Cultural Conservatism

Culture in ancient times was defined as "the sum total of the equipment of the human individual, which enables him to be attuned to his immediate environment on the historical past on the other". It reflects in effect what humans have added to nature. It comprises the spiritual, material, intellectual and emotional features of a society and includes, in addition to the arts and letters, the value systems, traditions, modes of life and beliefs of the society.
Through these aspects it is evident that the basis of growth and establishment of human culture is addition and change. However, in modern America this growth of culture is often resisted until it can no longer be held at bay. Many conservatives see these social changes as threatening because they feel that it will ultimately degrade the religious or social ethics which they personally hold.
However, to put it simply, and it’s not a problem that only conservatives have, conservatives very often confuse ethics and aesthetics. When people suchas Gertude Himmelfarb, a conservative Christian historian, attack our, as she perceives it, “amoral,” “sexually deviant,” and “perverse” culture they are primarily responding to something that they find culturally foreign and aesthetically threatening.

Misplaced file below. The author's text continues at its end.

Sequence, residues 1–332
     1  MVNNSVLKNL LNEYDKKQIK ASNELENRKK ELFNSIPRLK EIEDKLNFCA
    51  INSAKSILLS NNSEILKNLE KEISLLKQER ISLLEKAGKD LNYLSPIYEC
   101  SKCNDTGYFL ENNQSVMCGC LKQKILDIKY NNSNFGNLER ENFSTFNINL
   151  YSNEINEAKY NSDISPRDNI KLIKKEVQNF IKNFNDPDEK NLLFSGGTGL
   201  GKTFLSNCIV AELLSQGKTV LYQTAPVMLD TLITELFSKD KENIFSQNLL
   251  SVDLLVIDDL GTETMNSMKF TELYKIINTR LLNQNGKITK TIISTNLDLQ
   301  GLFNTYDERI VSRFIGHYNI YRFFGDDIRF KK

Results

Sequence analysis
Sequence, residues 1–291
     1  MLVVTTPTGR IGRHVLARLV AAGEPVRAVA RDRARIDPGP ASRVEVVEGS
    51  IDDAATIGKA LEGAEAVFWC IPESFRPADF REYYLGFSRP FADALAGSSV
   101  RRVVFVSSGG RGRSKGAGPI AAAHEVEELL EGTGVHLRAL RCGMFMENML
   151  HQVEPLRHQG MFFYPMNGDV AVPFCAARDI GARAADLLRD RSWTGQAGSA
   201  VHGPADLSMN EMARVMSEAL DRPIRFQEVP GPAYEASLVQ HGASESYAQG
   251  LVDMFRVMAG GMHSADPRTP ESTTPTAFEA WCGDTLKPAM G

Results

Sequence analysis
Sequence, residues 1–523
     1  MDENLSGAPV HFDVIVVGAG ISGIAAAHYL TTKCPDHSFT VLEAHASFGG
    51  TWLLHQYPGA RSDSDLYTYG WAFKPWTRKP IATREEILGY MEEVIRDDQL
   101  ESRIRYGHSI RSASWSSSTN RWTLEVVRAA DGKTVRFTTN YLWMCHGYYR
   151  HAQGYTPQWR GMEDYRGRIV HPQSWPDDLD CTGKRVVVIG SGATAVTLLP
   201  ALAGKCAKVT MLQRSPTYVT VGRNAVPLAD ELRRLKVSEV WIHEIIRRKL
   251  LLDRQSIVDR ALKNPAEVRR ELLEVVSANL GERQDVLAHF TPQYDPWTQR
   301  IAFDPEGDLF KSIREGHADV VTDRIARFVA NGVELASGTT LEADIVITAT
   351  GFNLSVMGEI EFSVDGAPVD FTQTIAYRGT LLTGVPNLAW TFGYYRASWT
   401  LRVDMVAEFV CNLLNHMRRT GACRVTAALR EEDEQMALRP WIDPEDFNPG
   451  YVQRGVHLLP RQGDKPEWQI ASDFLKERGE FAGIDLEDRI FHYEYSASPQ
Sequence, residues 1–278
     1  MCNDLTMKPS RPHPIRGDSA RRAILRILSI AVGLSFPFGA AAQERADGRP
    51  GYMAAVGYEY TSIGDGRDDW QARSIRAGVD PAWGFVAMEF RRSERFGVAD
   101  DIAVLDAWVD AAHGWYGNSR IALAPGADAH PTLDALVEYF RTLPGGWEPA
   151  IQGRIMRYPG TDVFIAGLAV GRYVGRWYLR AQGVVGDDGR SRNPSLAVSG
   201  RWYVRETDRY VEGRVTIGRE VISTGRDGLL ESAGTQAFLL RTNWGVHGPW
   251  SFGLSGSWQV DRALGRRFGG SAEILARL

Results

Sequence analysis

I agree that values are oftentimes a good thing, but only when they are born of an ethical and realistic perspective, not an aesthetic one. We are all trying to make out an existence in unbelievably confusing circumstances. Given our biological inheritance, we need to be more tolerant of ourselves and more tolerant and compassionate in our dealings with others. The standards that we have for human behavior are at times noble, but at times quite absurd. We are genetically designed to be lustful, aggressive, gregarious, productive creatures, and it can be a good thing to hold ourselves to high community standards of behavior, but we need to deal with ourselves as who and what we …

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